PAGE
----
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J Thromb Haemost. 2011 Apr;9(4):700-10. doi: 10.1111/j.1538-7836.2011.04214.x.

A randomized clinical trial of prophylaxis in children with hemophilia A (the ESPRIT Study).

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1
Department of Medicine and Medical Specialities, Fondazione IRCCS Cà Granda, Ospedale Maggiore Policlinico and University of Milan, Milan, Italy. alessandro.gringeri@unimi.it

Abstract

BACKGROUND:

Prevention of arthropathy is a major goal of hemophilia treatment. While studies in adults have demonstrated an impact of prophylaxis on the incidence of joint bleeds and patients' well-being in terms of improved quality of life (QoL), it is unclear whether or not prophylaxis influences the outcome and perception of well- of children with hemophilia.

OBJECTIVE:

This randomized controlled study compared the efficacy of prophylaxis with episodic therapy in preventing hemarthroses and image-proven joint damage in children with severe hemophilia A (factor VIII <1%) over a 10-year time period.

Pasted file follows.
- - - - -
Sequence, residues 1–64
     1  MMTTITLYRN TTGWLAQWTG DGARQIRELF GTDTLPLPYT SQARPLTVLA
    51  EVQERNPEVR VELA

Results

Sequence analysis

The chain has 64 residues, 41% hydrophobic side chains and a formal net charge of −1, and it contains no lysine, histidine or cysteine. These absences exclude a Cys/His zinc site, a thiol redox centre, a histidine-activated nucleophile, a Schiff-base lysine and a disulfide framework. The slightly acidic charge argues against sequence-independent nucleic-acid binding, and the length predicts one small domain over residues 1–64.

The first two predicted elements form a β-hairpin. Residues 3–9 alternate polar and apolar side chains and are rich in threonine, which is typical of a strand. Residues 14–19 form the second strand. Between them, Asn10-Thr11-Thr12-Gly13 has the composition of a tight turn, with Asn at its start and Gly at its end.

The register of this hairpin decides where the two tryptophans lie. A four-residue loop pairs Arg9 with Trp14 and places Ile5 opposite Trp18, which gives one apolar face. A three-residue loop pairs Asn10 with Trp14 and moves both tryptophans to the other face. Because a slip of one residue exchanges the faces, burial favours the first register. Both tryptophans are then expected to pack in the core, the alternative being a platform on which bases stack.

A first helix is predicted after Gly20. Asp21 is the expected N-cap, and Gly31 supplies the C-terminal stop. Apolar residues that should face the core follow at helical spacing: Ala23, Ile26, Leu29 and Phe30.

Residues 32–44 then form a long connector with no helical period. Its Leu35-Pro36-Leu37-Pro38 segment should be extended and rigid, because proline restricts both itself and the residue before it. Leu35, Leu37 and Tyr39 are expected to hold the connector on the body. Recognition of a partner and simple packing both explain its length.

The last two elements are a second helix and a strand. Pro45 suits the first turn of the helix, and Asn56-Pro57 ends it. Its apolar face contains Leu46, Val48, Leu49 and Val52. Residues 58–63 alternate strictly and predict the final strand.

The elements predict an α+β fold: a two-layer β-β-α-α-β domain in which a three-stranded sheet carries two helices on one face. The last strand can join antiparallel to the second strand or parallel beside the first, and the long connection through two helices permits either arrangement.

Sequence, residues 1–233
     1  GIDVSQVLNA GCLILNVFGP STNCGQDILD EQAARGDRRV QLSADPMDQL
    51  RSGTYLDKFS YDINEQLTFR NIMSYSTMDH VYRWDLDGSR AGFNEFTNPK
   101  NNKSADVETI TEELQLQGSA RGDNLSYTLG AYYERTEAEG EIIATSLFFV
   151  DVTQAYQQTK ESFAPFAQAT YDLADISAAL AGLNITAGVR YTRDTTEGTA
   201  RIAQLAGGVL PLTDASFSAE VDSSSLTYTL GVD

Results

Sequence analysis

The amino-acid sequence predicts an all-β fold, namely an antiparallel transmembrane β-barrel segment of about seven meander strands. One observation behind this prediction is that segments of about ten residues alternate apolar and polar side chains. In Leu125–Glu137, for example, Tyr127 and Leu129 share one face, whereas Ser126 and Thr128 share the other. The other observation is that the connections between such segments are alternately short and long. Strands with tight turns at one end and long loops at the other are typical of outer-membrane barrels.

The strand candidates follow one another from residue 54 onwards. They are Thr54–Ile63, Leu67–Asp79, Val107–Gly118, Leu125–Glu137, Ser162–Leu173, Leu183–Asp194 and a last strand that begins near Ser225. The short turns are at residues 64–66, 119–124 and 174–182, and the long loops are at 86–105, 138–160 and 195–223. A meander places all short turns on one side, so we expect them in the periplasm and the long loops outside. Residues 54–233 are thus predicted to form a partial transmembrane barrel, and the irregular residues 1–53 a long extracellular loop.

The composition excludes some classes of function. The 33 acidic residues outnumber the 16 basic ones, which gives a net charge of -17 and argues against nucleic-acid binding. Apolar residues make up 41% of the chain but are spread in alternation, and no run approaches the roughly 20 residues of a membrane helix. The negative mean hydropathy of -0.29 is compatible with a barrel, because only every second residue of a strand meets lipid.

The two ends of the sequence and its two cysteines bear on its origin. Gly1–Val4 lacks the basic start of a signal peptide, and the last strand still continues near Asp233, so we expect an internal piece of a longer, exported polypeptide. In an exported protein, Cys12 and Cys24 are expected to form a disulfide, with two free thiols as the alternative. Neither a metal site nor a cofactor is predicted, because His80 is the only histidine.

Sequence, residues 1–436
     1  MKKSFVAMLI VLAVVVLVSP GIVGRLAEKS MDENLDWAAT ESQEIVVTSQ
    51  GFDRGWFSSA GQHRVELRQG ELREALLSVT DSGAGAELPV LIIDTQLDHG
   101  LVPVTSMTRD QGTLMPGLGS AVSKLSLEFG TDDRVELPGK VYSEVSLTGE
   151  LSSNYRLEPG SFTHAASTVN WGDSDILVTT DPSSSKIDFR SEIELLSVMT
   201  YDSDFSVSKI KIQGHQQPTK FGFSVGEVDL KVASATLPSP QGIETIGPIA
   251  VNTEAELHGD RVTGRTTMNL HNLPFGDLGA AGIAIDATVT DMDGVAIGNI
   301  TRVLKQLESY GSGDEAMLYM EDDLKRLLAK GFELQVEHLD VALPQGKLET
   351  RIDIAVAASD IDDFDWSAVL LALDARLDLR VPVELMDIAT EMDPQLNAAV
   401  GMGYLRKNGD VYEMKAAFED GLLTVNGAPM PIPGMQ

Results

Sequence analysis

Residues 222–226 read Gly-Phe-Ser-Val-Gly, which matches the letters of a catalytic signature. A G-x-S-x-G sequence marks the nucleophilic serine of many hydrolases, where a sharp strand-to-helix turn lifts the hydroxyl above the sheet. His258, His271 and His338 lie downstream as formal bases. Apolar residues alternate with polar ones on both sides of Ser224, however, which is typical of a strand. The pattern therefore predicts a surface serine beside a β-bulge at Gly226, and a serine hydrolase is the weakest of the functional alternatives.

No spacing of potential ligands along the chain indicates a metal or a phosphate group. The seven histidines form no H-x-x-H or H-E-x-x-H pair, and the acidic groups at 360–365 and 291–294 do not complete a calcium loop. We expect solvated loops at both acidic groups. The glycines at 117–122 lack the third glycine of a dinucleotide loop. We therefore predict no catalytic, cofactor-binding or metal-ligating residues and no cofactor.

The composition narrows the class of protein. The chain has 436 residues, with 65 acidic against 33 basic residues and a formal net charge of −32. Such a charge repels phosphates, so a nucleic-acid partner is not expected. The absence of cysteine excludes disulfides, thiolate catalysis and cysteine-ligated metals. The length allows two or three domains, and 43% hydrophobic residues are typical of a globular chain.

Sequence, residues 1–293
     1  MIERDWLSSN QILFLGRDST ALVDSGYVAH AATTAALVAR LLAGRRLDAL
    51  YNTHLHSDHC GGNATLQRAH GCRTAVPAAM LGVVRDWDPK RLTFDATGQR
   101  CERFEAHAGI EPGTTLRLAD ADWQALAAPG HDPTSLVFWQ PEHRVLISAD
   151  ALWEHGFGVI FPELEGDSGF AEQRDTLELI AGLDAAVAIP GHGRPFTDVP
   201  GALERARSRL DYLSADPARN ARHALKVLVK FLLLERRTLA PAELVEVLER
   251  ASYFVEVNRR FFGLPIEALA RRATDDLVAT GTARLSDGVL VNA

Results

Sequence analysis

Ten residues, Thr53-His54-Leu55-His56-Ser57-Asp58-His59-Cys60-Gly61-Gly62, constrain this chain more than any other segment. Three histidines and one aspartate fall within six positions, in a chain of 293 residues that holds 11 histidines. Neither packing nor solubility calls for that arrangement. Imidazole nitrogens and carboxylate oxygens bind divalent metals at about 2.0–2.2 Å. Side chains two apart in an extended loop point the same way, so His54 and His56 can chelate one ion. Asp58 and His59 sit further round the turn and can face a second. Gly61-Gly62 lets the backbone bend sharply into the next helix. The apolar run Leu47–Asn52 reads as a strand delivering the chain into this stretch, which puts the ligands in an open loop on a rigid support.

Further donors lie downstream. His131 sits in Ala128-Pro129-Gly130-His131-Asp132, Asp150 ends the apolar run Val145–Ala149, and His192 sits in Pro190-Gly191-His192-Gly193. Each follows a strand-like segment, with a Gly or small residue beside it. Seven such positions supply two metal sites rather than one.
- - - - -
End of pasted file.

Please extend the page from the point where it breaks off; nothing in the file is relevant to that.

METHODS:

Forty-five children with severe hemophilia A, aged 1-7 years (median 4), with negative clinical-radiologic joint score at entry and at least one bleed during the previous 6 months, were consecutively randomized to prophylaxis with recombinant factor VIII (25 IU kg(-1) 3 × week) or episodic therapy with ≥25 IU kg(-1) every 12-24 h until complete clinical bleeding resolution. Safety, feasibility, direct costs and QoL were also evaluated.

RESULTS:

Twenty-one children were assigned to prophylaxis, 19 to episodic treatment. Children on prophylaxis had fewer hemarthroses than children on episodic therapy: 0.20 vs. 0.52 events per patient per month (P < 0.02). Plain-film radiology showed signs of arthropathy in six patients on prophylaxis (29%) vs. 14 on episodic treatment (74%) (P < 0.05). Prophylaxis was more effective when started early (≤36 months), with patients having fewer joint bleeds (0.12 joint bleeds per patient per month) and no radiologic signs of arthropathy.

CONCLUSION:

This randomized trial confirms the efficacy of prophylaxis in preventing bleeds and arthropathy in children with hemophilia, particularly when it is initiated early in life.

[Indexed for MEDLINE]
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